Compulsory Education

Dispatch from Secretary of State for the Colonies to the Governor of Jamaica:

Whatever objections may exist in more advanced societies, to the principle of compulsory education they can have no place or reference to a colony in which the great mass of the people have just emerged from slavery. But have not yet generally acquired any acquaintance with the principles and precepts of Christianity and are, for the most part destitute of the first elements of learning. In such case it would be a substitution of the name, for the substance of liberty, if we should hold ourselves bound to acknowledge and respect amongst the Negroes the freedom to choose between knowledge and ignorance.[1]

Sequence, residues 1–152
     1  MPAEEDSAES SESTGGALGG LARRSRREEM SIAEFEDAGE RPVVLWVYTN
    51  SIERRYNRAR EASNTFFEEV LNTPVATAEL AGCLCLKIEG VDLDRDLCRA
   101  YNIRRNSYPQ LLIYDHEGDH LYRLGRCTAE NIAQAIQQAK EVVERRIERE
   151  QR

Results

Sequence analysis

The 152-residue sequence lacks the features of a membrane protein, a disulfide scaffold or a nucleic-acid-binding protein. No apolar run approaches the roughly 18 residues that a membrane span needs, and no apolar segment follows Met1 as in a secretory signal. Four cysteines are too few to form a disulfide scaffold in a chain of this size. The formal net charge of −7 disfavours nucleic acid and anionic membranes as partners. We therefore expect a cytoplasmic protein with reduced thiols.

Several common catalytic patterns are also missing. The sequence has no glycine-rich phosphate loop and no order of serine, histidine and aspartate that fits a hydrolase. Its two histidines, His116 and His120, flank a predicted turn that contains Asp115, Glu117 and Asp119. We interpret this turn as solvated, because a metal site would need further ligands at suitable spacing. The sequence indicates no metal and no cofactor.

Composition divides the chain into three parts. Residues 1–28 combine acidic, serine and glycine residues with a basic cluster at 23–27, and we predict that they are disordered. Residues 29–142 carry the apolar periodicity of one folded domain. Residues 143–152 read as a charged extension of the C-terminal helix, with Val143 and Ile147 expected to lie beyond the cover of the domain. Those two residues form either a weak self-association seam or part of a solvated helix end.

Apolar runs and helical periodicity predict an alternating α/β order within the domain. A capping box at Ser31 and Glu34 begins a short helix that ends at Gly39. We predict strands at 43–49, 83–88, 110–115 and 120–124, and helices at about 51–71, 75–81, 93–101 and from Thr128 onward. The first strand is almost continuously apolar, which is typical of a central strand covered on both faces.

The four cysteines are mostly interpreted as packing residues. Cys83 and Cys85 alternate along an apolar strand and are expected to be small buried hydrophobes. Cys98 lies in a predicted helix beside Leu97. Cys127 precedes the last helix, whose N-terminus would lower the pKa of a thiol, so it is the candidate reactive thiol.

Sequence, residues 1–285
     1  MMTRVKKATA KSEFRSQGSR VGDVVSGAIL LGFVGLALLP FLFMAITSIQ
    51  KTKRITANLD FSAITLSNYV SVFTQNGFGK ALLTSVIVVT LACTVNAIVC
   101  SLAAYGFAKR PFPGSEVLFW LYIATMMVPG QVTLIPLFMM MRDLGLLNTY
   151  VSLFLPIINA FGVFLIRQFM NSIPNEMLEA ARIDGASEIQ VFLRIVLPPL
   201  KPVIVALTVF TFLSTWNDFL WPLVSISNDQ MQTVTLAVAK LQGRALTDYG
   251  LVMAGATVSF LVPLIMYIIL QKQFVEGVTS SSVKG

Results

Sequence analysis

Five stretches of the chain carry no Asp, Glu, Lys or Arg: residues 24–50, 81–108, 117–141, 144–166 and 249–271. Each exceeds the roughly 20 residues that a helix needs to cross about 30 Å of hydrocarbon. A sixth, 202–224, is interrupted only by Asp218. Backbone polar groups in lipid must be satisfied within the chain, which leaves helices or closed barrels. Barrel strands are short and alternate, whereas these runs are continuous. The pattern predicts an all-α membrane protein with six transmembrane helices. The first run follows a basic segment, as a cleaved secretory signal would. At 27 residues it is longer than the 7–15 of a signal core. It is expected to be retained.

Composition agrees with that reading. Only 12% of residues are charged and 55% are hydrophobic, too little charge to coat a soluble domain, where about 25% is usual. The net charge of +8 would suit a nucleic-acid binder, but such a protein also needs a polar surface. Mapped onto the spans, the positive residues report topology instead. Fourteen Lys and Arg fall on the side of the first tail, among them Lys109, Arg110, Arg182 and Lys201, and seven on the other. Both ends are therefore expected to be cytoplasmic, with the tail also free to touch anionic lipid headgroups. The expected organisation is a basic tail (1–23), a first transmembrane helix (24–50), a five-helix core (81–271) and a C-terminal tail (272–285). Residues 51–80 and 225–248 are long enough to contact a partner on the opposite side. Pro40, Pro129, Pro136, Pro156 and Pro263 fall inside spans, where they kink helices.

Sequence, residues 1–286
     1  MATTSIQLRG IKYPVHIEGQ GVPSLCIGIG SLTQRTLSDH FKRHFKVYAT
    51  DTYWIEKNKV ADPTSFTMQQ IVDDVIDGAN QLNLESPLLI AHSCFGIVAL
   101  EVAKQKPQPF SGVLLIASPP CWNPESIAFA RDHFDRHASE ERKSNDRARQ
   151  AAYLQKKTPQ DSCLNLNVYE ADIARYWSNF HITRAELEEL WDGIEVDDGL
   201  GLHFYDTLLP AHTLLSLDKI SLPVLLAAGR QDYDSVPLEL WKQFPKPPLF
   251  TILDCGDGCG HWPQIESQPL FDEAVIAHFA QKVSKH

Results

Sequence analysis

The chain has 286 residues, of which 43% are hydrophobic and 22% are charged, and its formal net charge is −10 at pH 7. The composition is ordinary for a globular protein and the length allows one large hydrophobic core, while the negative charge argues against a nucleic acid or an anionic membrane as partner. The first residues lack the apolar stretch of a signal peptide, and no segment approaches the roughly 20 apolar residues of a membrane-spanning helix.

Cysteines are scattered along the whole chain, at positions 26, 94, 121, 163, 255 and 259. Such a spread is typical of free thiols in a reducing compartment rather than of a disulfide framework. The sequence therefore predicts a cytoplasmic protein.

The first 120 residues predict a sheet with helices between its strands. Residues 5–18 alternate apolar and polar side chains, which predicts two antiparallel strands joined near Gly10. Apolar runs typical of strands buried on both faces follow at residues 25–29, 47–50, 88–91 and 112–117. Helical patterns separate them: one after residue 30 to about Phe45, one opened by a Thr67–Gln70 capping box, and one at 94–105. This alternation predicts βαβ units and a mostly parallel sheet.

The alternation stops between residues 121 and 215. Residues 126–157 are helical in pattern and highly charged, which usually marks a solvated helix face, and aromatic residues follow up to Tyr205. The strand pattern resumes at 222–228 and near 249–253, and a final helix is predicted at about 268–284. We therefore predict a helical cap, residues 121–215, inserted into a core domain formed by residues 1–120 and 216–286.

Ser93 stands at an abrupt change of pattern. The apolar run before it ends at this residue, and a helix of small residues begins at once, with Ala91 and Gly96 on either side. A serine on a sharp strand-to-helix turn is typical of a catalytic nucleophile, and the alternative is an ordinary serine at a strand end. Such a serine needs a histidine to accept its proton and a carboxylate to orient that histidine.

[1] Jamaica Archives, IB/5/4/25,  Journals of the Jamaica Council, Dispatch from Secretary of State for the Colonies (15 October 1835).

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